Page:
The next event was a Q & A session with Mike Krahulik and Jerry Holkins, creators of Penny Arcade. To kick things off they showed their first-ever animated episode of Cardboard Tube Samurai. Needless to say, everyone was pretty excited. If you don't have any idea of what I'm talking about, then you obviously don't read Penny Arcade that much, but trust me it's cool. After revealing the cartoon, Krahulik went on to say that they will probably creating more animated features soon. Again, the audience (including myself) posed some pretty great questions overall. Some of the things discussed were how this whole Penny Arcade thing got started, to how they came up with the idea for certain comics, to what they simply thought of game X or issue Y. While it was interesting enough to listen to their answers to the questions, the event was kept really entertaining by the wit of Krahulik and Holkins. There were many instances in which the crowd burst out in laughter during that hour. Some of the more interesting info revealed was that Penny-Arcade.com will have a new design soon. There are also more special projects on the way. There special projects in the past have included comics created for the marketing of games such as Splinter Cell and Far Cry. While they will probably have more projects similar to that in the future, the Penny Arcade guys also revealed that they have created significant in-game content for the upcoming Brothers in Arms. Suffice it to say that Penny Arcade continues to grow. From what they said, it seems like fans will have several special projects to watch out for.
Penny Arcade is certainly not the only gamers' humor site out there. Another of the most popular sites is Red vs. Blue. The people at RvB create a cartoon using Halo on the Xbox to animate the hilarious story of two small squads sent by the Red Army and the Blue Army to battle for supremacy in a useless box canyon. First, a special introduction video that was created specifically for PAX was shown. It's tradition of the RvB crew to create a special video to show at an event that they attend. After the hilarious intro, the audience enjoyed a screening of the complete first season of Red vs. Blue. A panel with five members of the cast then followed. The cast of the show is also the crew. Although they don't all have the same duties, they write, voice, animate, and produce the show. When I say animate, I am referring to their process of using the Halo (Xbox) to act out what happens in the show. This form of animation is called machinima. It's an interesting and in many ways difficult way to make a cartoon show, so the audience had a lot of interesting questions about how the show is made and where things are going in the future. Naturally, the RvB guys were pretty humorous as they discussed the answers to the questions.
The industry professionals were back for the Development Process panel. This panel followed the same format as the other. There were pre-selected questions from Penny Arcade reader emails, and then the audience was allowed to ask away. One of the biggest issues touched on is that games are costing more and more to make, and like some other industries, independent or amateur developers are having a harder time breaking through. Again, the discussions were interesting and there were several funny moments.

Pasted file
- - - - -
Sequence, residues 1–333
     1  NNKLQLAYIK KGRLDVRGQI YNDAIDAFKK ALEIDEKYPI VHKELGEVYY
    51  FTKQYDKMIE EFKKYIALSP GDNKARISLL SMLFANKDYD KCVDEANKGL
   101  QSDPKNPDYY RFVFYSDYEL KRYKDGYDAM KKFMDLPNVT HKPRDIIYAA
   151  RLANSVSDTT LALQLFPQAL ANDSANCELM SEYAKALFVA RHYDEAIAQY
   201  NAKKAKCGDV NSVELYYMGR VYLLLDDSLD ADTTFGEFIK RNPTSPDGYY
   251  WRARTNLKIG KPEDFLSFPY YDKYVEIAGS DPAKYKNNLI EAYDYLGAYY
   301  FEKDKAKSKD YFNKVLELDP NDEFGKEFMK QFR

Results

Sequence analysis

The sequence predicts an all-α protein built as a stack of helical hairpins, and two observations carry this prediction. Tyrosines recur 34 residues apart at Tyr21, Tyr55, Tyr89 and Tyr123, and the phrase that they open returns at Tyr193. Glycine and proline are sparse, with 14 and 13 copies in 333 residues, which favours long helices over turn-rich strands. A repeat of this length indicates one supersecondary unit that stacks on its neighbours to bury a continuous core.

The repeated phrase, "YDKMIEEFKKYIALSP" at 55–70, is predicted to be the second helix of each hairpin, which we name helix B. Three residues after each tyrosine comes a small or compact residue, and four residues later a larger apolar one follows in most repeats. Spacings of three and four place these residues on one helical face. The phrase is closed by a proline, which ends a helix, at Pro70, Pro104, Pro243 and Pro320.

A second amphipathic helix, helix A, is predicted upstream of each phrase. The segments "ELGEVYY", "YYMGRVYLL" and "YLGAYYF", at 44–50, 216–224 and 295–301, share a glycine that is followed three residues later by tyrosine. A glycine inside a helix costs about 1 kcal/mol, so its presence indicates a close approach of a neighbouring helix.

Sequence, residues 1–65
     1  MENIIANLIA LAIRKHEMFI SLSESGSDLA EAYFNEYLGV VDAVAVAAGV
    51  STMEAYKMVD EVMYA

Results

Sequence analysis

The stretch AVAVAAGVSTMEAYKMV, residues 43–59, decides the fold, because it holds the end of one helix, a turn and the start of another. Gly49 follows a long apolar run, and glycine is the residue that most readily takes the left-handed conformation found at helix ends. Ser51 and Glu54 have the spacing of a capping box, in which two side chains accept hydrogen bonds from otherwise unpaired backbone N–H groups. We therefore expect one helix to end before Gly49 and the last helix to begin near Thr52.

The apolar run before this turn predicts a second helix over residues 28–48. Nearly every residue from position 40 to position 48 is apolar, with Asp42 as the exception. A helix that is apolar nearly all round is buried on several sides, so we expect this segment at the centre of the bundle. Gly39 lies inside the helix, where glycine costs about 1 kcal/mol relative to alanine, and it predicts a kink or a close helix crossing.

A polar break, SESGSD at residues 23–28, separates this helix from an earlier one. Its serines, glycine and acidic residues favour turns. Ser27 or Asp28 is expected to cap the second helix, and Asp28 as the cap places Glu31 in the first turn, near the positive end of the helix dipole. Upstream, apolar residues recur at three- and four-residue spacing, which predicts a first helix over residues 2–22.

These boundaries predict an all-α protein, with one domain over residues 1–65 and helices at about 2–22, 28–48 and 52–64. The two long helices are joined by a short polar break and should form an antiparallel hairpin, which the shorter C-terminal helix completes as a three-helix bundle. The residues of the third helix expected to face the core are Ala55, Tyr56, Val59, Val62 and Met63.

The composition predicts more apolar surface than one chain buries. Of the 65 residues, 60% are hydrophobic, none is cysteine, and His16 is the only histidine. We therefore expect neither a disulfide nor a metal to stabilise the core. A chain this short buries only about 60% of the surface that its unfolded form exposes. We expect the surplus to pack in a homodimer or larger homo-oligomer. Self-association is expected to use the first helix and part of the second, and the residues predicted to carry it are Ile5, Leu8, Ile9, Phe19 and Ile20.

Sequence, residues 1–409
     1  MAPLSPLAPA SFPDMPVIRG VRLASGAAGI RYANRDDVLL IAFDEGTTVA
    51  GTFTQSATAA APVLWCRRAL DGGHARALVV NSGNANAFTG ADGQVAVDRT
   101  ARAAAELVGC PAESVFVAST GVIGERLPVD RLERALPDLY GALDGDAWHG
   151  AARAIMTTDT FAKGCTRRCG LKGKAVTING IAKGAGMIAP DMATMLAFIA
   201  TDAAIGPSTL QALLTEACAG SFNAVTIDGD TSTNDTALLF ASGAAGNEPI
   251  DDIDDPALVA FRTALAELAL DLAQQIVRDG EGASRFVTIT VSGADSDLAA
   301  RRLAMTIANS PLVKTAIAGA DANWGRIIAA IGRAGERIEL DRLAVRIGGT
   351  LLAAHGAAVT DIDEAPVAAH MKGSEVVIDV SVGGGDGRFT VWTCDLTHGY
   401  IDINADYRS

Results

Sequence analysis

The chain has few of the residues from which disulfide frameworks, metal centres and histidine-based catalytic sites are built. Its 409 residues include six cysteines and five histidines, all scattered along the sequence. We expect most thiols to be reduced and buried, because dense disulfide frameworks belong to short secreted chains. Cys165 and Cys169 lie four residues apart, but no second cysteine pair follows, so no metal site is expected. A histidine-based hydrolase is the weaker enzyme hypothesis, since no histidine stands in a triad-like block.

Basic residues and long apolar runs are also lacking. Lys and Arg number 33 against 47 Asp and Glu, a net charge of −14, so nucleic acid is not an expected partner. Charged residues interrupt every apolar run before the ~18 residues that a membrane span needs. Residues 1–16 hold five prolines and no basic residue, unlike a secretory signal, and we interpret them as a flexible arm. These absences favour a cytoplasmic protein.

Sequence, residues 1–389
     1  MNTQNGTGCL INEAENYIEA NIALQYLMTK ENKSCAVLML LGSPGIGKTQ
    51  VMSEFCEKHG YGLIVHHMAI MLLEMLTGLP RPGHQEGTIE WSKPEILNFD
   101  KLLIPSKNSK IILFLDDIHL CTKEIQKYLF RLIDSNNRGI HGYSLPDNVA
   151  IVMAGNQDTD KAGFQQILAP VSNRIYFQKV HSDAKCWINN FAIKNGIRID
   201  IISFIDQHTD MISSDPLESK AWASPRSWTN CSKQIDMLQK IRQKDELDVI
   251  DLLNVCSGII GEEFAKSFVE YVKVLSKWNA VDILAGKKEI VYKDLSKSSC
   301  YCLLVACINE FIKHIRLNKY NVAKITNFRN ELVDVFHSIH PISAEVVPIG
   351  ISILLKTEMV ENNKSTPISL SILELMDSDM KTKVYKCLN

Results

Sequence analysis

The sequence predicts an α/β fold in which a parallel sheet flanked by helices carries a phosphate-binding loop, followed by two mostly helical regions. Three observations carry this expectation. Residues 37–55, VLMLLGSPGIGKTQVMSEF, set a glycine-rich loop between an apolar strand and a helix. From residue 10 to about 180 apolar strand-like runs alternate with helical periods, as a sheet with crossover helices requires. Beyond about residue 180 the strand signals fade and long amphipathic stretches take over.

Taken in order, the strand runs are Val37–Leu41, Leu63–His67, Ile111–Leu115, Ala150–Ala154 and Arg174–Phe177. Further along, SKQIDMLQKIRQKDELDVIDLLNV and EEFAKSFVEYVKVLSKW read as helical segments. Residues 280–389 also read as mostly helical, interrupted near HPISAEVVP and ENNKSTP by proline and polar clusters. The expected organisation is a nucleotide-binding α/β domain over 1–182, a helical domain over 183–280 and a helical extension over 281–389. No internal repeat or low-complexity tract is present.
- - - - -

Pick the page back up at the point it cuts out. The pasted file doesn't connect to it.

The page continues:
In the exhibition hall Microsoft was showing off Jade Empire, Mechassault 2, Forza Motorsport, Conker Live & Reloaded and Kameo. Of course, the big day will be tomorrow when they demonstrate Halo 2, and for the first time allow members of the general public to play it. In particular, I spent a good amount of time checking out Conker. Unlike at the E3 show floor, a single player demo was available for play. Fans of the original will be happy to hear that it looks and plays great. The war level was the one demoed. So far, it seems almost exactly the same as the Nintendo 64 version, but that's not a bad thing at all. Ubisoft showed Rainbow Six 3 Black Arrow, Myst IV, Splinter Cell 3 and more. nVidia demonstrated their video cards using Doom 3. Warner Bros had the Matrix Online available for play, Vivendi had Men of Valor and NC Soft showed off Guidwars. There were also tabletop game demonstrations and even a booth that sold lots of yummy Japanese candy and posters, figurines, and CD's.
Stuff still goes on all night. Musical performances started at 8 pm. The Minibosses, Optimus Rhyme, MC Frontalot all performed last night. I really wish I could have stayed for the concerts, but I couldn't. Tomorrow Conney Linn will play Final Fantasy piano arrangements. The convention didn't even close over night. Although the exhibition hall closed at 5 pm and won't open until 10 am today (Sunday), the gaming rooms are open all night and will stay open until the convention finally ends at midnight on Sunday.
I certainly had a fun day at PAX. As someone who has attended E3 for the past three years, I can't say that I was blown away by anything. It's kind of what I expected � a party for fans of Penny Arcade. However, there is definitely a fun atmosphere at PAX. It's awesome that I can hear some great, interesting discussion about how games are made and ask questions to important industry professionals, and then afterwards, go play an hour of Halo with some fellow gamers or hook up with someone else to play Game Boy Advance. Tomorrow I've signed up for a tournament. I highly doubt I'll win anything, but I know I'm going to have fun. I am eagerly looking forward to tomorrow's panels and another day of gaming with Penny Arcade fans. Of course, everyone's excited for tomorrow because we will get a chance to see and play Halo 2. Halo 2 was not even playable on the show floor at E3 (though we at CVGames did manage to get some time with it for a bit). So, it's pretty amazing that Microsoft and Bungie are both confident and nice enough to let public play what is definitely the centerpiece of Xbox's holiday lineup.
Alright, I need to catch some sleep so I can tell you about Day 2 tomorrow!